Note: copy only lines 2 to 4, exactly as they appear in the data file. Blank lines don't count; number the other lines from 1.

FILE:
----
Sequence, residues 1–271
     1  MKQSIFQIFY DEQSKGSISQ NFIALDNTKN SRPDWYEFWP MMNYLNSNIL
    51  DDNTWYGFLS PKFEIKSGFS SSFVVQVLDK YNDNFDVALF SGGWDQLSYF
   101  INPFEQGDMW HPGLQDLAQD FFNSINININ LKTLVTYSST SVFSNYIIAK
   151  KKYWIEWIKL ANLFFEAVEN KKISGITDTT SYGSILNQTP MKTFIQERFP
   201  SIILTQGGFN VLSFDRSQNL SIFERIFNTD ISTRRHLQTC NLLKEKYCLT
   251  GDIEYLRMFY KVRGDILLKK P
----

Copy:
     1  MKQSIFQIFY DEQSKGSISQ NFIALDNTKN SRPDWYEFWP MMNYLNSNIL
    51  DDNTWYGFLS PKFEIKSGFS SSFVVQVLDK YNDNFDVALF SGGWDQLSYF
   101  INPFEQGDMW HPGLQDLAQD FFNSINININ LKTLVTYSST SVFSNYIIAK